Those knowledgeable about photography might wonder if the settings would result in a darker image if the lens has a smaller aperture. Certainly this is true when shooting in favorable conditions where there is little influence from street lights, or when shooting only the sky almost directly above. However, unlike THETA, which captures images in all directions, a general camera captures a limited area. If you want to capture a view of the ground and the starry sky in a single image with a wide-angle lens, you will be shooting the sky at a point below that which THETA uses to determine the brightness of the night sky. The sky close to the ground is usually brighter than the sky directly above due to the influence of city lights. This will cancel out the difference in brightness (aperture) of the lenses in many cases. This makes ISO sensitivity and shutter speed of THETA convenient to use as initial settings.

When trying to figure out the settings, do the following…

(2)-1 Determine the brightness
Depending on your preference, determine the brightness of the picture by changing either the ISO or the shutter speed.

(2)-2 Determine the balance between ISO (image quality) and shutter speed (star movement)
Once you determine the brightness of the picture, you can reduce the ISO while lowering the shutter speed by the same number of stops. Conversely, if you increase the shutter speed the ISO value should be decreased by the equivalent number of stops.

The longer the exposure time, the more the stars will move in the image, so you may want to shorten the shutter speed. However, increasing the ISO will reduce the image quality. You have to find the appropriate balance between the two settings. Depending on your camera, it doesn’t always mean that darker locations are better. You may have to give up a little bit of something.

(2)-3 Select the white balance
Finally, set the white balance as you like. If you can shoot in RAW and edit them later then you don’t need to worry about this step.

In a place with little light pollution and no moonlight, set the color temperature to around 4200K or so. If it is difficult to judge, take multiple shots at slightly different values, and you will have a good idea of what to expect. If there is enough moonlight, you may be able to leave it on auto white balance depending on your camera.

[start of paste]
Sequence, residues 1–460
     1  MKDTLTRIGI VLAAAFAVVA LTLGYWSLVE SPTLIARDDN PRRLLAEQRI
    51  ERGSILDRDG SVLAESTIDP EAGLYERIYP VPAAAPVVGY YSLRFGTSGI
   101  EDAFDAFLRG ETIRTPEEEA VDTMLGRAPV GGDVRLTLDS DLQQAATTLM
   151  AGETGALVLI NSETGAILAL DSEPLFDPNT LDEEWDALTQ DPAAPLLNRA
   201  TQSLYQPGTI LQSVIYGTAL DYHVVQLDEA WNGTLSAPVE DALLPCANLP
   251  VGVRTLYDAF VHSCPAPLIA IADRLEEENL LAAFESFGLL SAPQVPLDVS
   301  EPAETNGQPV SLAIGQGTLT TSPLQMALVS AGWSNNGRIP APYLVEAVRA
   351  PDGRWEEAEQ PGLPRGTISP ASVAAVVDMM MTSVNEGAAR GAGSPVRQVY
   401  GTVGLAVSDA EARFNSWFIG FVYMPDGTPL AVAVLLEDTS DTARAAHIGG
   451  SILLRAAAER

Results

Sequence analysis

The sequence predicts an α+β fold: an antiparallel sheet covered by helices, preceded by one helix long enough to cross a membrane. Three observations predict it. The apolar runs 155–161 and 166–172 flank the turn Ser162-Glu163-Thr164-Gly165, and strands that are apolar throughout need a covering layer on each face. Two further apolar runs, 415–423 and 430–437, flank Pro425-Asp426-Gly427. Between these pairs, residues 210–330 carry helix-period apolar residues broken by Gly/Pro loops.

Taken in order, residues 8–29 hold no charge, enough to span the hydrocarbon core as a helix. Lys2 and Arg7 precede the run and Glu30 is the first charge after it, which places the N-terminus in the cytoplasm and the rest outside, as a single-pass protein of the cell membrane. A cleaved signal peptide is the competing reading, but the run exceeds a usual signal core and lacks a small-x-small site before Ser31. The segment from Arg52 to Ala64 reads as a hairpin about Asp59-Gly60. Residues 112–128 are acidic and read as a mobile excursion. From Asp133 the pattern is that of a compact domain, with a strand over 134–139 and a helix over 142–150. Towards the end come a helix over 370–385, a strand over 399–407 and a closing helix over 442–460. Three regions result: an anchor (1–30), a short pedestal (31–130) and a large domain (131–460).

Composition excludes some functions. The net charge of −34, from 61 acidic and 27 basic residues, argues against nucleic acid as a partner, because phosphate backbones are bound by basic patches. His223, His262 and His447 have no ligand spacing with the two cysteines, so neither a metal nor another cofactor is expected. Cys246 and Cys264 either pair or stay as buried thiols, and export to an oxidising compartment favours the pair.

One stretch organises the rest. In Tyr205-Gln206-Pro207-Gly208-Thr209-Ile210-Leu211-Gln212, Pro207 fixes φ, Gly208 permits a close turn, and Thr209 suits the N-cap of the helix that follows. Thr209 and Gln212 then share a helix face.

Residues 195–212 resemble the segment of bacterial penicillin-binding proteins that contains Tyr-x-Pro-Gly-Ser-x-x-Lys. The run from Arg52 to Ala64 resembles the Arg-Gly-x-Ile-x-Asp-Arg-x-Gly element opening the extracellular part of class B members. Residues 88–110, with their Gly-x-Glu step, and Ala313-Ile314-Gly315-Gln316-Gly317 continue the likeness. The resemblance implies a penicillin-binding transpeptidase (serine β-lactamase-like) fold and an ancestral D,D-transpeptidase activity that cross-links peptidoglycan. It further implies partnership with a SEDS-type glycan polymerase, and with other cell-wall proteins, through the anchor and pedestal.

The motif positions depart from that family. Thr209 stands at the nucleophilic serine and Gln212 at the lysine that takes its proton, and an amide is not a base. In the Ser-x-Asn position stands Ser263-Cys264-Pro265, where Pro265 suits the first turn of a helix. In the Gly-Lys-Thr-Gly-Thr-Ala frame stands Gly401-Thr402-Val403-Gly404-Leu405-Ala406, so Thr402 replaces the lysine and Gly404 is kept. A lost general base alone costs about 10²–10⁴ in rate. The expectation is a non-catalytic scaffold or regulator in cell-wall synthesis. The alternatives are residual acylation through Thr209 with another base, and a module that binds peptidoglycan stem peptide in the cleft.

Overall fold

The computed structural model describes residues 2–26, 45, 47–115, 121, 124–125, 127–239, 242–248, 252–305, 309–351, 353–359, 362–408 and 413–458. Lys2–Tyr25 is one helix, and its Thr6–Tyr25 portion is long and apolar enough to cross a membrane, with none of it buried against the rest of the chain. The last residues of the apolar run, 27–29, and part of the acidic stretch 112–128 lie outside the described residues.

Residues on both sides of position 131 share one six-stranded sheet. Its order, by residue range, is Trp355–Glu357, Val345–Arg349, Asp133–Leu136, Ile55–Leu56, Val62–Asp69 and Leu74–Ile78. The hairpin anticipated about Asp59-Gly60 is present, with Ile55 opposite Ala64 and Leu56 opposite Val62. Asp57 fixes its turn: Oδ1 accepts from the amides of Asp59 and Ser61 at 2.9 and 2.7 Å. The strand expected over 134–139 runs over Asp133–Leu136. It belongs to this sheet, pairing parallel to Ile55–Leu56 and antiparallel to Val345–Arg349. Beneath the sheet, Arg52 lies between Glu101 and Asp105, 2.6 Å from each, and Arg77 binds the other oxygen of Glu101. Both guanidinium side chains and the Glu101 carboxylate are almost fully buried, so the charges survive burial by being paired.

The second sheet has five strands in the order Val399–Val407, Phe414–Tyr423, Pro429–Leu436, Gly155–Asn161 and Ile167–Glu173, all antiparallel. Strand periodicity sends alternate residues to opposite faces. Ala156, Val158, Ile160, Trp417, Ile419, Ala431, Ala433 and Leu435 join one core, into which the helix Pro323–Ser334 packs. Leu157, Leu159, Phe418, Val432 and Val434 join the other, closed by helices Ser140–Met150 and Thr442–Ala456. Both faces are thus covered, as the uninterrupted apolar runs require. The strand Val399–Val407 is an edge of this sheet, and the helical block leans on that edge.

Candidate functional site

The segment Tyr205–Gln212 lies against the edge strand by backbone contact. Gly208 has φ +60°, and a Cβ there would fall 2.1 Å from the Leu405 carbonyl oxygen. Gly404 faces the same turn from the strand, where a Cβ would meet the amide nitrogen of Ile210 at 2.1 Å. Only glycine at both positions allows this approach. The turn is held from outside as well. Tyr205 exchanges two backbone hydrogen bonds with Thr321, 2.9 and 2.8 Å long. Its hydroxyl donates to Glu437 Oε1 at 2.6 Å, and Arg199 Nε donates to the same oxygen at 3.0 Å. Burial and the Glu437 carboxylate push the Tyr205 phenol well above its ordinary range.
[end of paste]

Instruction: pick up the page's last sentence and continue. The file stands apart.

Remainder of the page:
With a good understanding of the meaning of the values, this plug-in can be your guide to starry sky photography.

A small trick to take advantage of the plug-in’s features

This plug-in determines the night brightness only above 60° angle of elevation.

You don’t have to be too strict about turning off the lights as long as the light is not that strong.

Stand THETA higher than your line of sight, use a tripod and also a selfie stick if possible, and light up the ground around THETA during shooting.

The following image is an example shot with a dim light, similar in color to an incandescent light (better to avoid white or bluish light), pointed at the ground and I slowly walked around while taking the picture.

The ground seems bright in this photo, but I actually used a very dim light. In a very dark environment and with dark colored clothing, you will not remain in the image as long as you are walking, even slowly.

In a dark place where the Milky Way can be shot, the ground appears totally black, even though THETA can capture 360 degrees. So, this little accent to the image is my small tip for you!

Enjoy astrophotography with THETA!

This Starry Sky Snap plug-in makes it easy to do astrophotography as long as you can go to a place where you can see the stars. You can also easily figure out the conditions of the sky. You’ll get to feel how precious it is to be able to view and photograph a good starry sky. I hope that you will be interested in the differences in the constellations visible in each season and the movements of the stars during the course of a day. And I hope the plug-in will let you shoot the starry sky as your creativity intends!

You can also utilize RICOH THETA Z1 for referring to the settings displayed after shooting when shooting with normal cameras. So, I recommend using THETA as a companion any time you set out to do astrophotography. There are more and more sightseeing locations, hotels, and places that hold stargazing and photography events. It’s convenient to have one THETA for such events to get more out of them!